Much of route running starts at the beginning of the play and this is an area Mims is making a ton of progress. He does a good job setting defenders up at the line, especially when a vertical route is coming. His physical, deliberate steps all connect well with the entirety of his game. He also shows well against press coverage when running curl routes. With strong, quick foot fire at the peak of the pattern, he often has a timing advantage over cornerbacks.
While his overall flexibility and physical nature show him eviscerating man coverage at the college level, it’s hard to call Mims’ route running refined at this point. There are more than enough subtleties to build on and that’s why he’s getting positive marks here. However, he doesn’t have experience running the full route tree or executing every move you want to see. We should expect his route portfolio to be limited in the pros, at least to start. We also know by now, that’s far from a problem.
When just watching Denzel Mims, I kept thinking of Broncos receiver Courtland Sutton. A hulking athlete, Sutton crushed it in his second season in Denver despite shaky quarterback play. There are plenty of routes, assignments and alignments that Sutton and Mims can both excel with on their plate. Although, Mims looks a bit more seasoned and ready to grow as a route runner in Year 1 than Sutton did back in his draft class.
Another player that came to mind was a former Baylor receiver. Josh Gordon. When Mims hits the NFL field, his primary route tree will consist of curls, slants, outs and vertical patterns. Much of Gordon’s career was spent just hammering teams with those same routes.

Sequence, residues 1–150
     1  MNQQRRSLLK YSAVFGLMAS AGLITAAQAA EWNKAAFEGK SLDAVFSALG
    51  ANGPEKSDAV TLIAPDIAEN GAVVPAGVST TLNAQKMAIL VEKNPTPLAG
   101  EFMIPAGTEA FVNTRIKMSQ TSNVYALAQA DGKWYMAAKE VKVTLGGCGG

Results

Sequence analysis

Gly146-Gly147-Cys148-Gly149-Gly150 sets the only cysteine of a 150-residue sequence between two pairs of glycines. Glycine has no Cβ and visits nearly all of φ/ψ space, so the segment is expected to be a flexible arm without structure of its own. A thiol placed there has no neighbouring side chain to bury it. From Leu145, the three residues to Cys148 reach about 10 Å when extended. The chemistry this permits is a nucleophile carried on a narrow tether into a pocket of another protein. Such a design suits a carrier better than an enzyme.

Make no mistake, Mims is this kind of special athlete. It’s a lot to compare anyone to Gordon but I was struck with just how many truly freaky moments Mims offered up while watching.
In Gordon’s 2017 season with the Browns, after an extended absence from the NFL, Cleveland handed Gordon a simplified route tree with over 60 percent of his patterns logging as a nine, post or slant in Reception Perception. That is a perfect way to make it work early for Denzel Mims.
If a team looks at everything Denzel Mims brings to the table and decides to pull the trigger late in Round 1, I won’t bat an eye. Simply look at some of the names of receivers mentioned in the piece. Chris Godwin. Courtland Sutton. Josh Gordon. This is the type of physical specimen we’re talking about here.
Each of those players showed they could play in early glimpses of their NFL careers, while still honing their craft. I bet we see the same from Mims. Then, when each of those three was called upon to step into a larger role and become a leading actor, they flourished. Again, I’m willing to wager we see the same from Mims.
Offenses that should be most willing to bring Mims on board are ones with an established top outside receiver in place that can afford to let him take some time to develop. Green Bay looks like the perfect spot. Hand him a simplified rookie year assignment and let him crush that. Maybe someday he grows into a 1b with Adams. That is within his range of outcomes.
Baltimore also could be gorgeous, the same as San Francisco. Both of their 2019 rookies are excellent movable chess pieces with room in their game to grow. Bringing a player like Mims who can win deep while developing into a true X-receiver would take these passing games to another level.